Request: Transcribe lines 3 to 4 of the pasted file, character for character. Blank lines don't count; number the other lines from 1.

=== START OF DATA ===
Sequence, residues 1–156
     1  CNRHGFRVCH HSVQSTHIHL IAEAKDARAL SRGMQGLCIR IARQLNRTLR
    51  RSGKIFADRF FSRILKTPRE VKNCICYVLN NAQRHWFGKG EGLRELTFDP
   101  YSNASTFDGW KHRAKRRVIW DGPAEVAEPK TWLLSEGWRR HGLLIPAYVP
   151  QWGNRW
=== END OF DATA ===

    51  RSGKIFADRF FSRILKTPRE VKNCICYVLN NAQRHWFGKG EGLRELTFDP
   101  YSNASTFDGW KHRAKRRVIW DGPAEVAEPK TWLLSEGWRR HGLLIPAYVP